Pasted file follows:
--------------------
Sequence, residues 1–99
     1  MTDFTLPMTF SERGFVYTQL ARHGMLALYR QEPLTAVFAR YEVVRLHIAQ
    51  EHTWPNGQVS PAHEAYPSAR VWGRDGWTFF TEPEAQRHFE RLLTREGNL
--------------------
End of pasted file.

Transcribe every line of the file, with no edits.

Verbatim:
Sequence, residues 1–99
     1  MTDFTLPMTF SERGFVYTQL ARHGMLALYR QEPLTAVFAR YEVVRLHIAQ
    51  EHTWPNGQVS PAHEAYPSAR VWGRDGWTFF TEPEAQRHFE RLLTREGNL